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Eukaryot Cell. 2002 Oct;1(5):704-18.

Mating-type locus of Cryptococcus neoformans: a step in the evolution of sex chromosomes.

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  • 1Department of Molecular Genetics and Microbiology, Howard Hughes Medical Institute, Duke University, Durham, North Carolina 27710, USA.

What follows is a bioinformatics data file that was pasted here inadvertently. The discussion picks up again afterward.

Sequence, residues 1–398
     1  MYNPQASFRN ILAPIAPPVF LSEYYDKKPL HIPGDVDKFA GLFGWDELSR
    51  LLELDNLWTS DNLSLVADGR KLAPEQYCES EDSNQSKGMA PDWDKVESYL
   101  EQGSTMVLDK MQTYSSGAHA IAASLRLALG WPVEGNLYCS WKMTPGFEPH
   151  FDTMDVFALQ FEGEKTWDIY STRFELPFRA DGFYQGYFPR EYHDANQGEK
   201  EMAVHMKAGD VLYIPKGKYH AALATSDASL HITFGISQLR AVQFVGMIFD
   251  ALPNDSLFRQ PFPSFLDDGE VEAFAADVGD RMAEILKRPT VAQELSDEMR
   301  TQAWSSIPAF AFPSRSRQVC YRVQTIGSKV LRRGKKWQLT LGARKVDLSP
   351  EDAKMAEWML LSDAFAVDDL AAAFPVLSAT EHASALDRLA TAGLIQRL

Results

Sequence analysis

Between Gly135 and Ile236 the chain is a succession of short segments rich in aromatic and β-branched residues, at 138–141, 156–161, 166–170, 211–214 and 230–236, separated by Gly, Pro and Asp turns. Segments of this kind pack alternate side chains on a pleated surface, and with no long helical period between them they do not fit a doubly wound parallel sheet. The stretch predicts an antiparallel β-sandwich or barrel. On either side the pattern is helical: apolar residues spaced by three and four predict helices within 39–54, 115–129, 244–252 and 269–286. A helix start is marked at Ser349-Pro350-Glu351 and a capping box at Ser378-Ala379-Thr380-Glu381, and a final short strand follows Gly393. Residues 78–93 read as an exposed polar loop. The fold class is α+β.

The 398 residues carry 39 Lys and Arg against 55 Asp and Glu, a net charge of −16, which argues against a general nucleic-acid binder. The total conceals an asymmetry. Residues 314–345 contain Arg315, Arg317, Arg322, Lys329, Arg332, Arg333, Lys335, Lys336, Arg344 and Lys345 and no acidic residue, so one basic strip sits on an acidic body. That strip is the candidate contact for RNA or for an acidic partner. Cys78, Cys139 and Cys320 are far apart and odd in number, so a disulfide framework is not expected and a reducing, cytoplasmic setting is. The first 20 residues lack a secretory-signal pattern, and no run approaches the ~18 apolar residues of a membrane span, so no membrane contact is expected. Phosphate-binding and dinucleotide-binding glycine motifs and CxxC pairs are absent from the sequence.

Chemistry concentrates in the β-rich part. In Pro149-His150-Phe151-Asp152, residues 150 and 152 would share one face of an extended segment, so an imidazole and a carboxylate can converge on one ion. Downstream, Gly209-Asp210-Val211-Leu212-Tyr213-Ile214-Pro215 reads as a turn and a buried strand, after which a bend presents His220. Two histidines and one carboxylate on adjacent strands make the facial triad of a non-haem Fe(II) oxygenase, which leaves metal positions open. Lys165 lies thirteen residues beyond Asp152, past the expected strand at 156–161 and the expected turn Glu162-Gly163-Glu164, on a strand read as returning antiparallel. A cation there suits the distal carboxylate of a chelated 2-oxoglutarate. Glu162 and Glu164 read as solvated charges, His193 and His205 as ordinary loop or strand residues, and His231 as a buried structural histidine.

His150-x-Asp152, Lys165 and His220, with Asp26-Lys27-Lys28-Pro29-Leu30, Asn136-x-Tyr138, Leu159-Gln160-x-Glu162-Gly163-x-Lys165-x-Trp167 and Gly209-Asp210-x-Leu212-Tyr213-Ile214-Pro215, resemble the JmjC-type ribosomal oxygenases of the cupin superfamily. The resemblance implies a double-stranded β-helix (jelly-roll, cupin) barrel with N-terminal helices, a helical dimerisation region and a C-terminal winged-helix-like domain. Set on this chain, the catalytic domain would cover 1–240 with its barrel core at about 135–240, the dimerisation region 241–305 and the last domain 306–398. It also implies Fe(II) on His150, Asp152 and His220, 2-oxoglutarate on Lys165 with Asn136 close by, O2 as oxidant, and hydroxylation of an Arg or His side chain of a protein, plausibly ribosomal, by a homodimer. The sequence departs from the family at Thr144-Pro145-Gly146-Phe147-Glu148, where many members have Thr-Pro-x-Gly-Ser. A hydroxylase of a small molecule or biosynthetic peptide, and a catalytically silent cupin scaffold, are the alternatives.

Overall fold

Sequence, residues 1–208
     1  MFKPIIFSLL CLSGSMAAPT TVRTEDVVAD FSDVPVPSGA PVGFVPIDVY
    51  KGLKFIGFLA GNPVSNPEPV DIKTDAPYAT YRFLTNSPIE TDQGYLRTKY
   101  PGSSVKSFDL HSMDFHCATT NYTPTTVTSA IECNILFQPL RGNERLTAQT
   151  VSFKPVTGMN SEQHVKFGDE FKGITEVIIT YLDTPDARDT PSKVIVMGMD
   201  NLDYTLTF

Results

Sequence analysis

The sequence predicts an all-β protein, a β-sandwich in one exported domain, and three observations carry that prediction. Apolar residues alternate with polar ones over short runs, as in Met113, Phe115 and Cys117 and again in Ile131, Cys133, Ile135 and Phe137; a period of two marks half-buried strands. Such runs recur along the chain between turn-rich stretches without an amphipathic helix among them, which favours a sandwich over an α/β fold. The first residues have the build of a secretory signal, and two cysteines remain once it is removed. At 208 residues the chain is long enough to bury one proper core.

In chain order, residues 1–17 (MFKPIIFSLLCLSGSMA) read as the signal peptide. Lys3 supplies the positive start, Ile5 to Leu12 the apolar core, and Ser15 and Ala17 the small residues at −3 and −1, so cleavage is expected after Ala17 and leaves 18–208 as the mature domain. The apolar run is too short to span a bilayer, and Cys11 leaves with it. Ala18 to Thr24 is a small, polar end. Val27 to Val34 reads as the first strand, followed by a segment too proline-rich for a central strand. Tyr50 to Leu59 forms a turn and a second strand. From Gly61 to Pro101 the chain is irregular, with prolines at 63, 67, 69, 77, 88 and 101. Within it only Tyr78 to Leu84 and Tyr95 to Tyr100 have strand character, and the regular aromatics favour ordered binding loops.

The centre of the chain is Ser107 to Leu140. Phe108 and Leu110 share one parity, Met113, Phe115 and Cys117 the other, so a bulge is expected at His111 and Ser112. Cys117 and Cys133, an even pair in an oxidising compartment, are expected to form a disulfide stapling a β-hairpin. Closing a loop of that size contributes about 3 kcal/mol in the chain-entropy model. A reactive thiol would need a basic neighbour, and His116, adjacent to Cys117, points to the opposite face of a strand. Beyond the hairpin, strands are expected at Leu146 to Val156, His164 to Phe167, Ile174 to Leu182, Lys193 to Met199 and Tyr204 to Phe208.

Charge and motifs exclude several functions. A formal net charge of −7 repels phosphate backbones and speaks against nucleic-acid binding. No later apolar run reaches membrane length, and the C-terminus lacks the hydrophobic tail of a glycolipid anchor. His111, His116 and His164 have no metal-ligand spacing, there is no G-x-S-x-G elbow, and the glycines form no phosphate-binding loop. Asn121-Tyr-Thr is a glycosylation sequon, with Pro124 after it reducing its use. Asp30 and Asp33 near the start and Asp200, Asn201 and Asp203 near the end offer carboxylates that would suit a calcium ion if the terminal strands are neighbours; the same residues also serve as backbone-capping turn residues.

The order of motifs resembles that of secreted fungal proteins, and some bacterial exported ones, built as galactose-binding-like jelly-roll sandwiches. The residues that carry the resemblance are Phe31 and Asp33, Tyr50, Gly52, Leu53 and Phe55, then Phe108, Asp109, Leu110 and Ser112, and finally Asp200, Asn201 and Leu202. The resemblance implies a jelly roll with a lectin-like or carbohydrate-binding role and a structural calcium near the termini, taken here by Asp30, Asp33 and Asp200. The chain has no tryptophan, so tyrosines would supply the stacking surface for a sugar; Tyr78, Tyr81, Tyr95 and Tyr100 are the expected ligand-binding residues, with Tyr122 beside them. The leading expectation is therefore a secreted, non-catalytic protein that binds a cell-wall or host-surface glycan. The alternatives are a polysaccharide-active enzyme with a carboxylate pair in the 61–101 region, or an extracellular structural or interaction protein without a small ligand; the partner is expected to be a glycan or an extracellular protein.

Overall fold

The sexual development and virulence of the fungal pathogen Cryptococcus neoformans is controlled by a bipolar mating system determined by a single locus that exists in two alleles, alpha and a. The alpha and a mating-type alleles from two divergent varieties were cloned and sequenced. The C. neoformans mating-type locus is unique, spans >100 kb, and contains more than 20 genes. MAT-encoded products include homologs of regulators of sexual development in other fungi, pheromone and pheromone receptors, divergent components of a MAP kinase cascade, and other proteins with no obvious function in mating. The alpha and a alleles of the mating-type locus have extensively rearranged during evolution and strain divergence but are stable during genetic crosses and in the population. The C. neoformans mating-type locus is strikingly different from the other known fungal mating-type loci, sharing features with the self-incompatibility systems and sex chromosomes of algae, plants, and animals. Our study establishes a new paradigm for mating-type loci in fungi with implications for the evolution of cell identity and self/nonself recognition.

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